Workers Surveyed Satisfied With Amount of Vacation Time

MENLO PARK, CA -- Today’s companies aren’t grinches when it comes to giving their staff days off, a new survey suggests. Fifty-nine percent of employees polled said they are very satisfied with the amount of vacation time their employers provide; another 25 percent are somewhat satisfied. Only 15 percent expressed discontent.

The poll was developed by OfficeTeam, a leading staffing service specializing in highly skilled administrative professionals. It was conducted by an independent research firm and includes responses from 573 men and women, all 18 years of age or older, and employed.

Survey respondents were asked, “How satisfied are you with the amount of vacation time your employer provides?” Their responses: 

 Very satisfied 59% 
 Somewhat satisfied 25%
 Not very satisfied  8% 
 Not at all satisfied  7% 
 Don't know/no answer  1% 

“For many professionals, the challenge lies not in receiving days off but in finding time to take them,” said Diane Domeyer, executive director of OfficeTeam. “People often feel guilty about spending more than just a few days out of the office for fear of inconveniencing colleagues or returning to unmanageable workloads, especially if their firms are operating with lean staffing levels.”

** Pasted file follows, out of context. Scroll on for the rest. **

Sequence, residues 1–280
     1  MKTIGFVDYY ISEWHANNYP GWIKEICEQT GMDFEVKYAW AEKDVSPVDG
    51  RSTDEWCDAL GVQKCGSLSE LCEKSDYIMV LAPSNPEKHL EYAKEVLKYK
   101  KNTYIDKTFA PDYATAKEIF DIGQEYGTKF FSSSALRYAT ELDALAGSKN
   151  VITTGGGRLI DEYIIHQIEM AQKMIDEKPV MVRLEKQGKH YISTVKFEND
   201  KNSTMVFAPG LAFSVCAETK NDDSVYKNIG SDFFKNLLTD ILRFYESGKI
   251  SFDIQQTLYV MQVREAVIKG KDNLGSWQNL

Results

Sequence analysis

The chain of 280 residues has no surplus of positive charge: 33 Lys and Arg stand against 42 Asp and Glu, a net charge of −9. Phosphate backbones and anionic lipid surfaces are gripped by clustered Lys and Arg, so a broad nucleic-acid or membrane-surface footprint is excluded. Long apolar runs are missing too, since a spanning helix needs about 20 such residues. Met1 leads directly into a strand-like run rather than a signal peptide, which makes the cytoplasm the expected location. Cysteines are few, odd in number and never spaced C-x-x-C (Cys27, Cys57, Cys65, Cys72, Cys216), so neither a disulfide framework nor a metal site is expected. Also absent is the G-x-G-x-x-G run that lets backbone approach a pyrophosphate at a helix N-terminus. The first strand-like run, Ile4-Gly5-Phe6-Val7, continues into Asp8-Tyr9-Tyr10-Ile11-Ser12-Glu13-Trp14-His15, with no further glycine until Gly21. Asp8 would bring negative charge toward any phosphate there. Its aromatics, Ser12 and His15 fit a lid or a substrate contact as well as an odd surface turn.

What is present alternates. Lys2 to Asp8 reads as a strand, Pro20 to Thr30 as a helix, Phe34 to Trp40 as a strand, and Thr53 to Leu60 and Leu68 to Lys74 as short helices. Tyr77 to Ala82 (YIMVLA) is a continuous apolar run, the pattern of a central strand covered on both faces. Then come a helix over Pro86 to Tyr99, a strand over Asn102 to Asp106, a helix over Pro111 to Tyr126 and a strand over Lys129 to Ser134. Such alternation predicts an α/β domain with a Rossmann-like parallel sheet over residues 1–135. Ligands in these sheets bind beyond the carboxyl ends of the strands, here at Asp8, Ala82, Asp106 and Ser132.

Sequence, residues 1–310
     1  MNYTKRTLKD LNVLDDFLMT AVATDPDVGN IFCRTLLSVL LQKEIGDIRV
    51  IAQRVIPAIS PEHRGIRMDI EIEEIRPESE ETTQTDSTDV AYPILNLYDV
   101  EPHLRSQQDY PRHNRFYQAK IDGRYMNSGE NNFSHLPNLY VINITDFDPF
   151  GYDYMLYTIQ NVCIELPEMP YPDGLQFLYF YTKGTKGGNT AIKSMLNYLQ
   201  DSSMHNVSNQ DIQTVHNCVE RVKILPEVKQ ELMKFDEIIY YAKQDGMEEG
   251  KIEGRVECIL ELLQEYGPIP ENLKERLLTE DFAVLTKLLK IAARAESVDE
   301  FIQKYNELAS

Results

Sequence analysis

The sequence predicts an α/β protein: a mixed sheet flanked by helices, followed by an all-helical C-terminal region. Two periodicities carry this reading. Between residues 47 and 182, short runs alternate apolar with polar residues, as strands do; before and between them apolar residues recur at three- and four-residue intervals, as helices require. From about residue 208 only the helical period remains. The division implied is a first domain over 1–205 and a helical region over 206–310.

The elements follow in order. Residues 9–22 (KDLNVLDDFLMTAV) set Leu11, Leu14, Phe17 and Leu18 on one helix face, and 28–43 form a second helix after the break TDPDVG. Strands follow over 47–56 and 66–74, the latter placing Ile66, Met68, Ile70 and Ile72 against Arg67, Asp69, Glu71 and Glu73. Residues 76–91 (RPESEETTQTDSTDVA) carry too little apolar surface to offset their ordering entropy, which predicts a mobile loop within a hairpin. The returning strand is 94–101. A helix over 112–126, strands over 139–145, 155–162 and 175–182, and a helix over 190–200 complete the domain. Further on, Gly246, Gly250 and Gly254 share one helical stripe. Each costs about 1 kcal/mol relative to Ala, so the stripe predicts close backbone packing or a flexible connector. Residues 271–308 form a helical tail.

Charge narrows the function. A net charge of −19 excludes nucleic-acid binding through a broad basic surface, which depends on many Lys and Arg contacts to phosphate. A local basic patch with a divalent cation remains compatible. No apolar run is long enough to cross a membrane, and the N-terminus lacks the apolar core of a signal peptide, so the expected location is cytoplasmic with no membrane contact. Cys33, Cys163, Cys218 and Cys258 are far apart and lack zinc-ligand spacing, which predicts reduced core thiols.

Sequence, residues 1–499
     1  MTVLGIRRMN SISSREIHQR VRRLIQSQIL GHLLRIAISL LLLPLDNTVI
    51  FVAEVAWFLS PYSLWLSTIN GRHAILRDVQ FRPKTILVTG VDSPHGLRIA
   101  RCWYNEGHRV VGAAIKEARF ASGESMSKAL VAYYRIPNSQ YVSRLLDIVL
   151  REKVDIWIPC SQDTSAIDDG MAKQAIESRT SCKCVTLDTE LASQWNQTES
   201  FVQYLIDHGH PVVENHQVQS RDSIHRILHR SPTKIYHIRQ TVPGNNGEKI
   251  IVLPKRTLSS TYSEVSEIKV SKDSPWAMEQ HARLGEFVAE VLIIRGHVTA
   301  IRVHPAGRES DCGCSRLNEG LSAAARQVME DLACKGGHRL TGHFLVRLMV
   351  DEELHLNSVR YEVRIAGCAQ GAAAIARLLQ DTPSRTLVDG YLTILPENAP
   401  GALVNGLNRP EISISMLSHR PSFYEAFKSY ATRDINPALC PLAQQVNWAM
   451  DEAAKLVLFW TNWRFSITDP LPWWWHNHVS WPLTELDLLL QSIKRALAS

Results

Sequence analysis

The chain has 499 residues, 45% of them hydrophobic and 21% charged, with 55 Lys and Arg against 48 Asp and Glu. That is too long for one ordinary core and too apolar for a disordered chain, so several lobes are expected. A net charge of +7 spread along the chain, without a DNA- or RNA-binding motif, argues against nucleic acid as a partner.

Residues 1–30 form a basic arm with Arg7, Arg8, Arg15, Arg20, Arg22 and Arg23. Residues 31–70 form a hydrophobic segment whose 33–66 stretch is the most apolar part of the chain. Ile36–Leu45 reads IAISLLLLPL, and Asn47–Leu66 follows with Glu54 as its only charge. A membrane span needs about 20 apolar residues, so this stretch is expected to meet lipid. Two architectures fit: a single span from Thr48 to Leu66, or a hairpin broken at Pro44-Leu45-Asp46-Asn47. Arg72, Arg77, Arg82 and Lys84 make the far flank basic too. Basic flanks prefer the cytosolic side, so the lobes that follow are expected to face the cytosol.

Although employees may hesitate to take too much time off, foregoing breaks can lead to burnout, according to Domeyer. “Instead of letting vacation days go unused, workers should schedule time off well in advance so their employers will have time to prepare for their absence,” she said. Domeyer offered these tips for planning a smooth – and guilt-free – vacation:

  • Consider off-season travel. The holidays can be a hard time to spend significant time out of the office, since so many coworkers may plan to be out at this time. Instead, consider using vacation days during other months.
  • Develop a proposal. When meeting with your manager, discuss how time-sensitive projects will be completed in your absence. For example, perhaps a coworker has offered to handle certain tasks, or a temporary professional can be brought in while you’re gone.
  • Spread the word. Let everyone know about your travel plans as soon as possible. That way, people won’t count on your help while you’re away.
  • Leave a list. Minimize work disruptions by creating a detailed record of active projects and their status. Also, show colleagues where your files can be found.
  • Use out-of-office functions. Let those who call or e-mail know you’re away so you’ll have fewer messages to respond to when your return.
  • Say thanks. Small souvenirs are a nice way to thank those who covered for you in your absence. Of course, returning the favor is the best way to show appreciation.

OfficeTeam has more than 300 locations worldwide and offers online job search services at www.officeteam.com.

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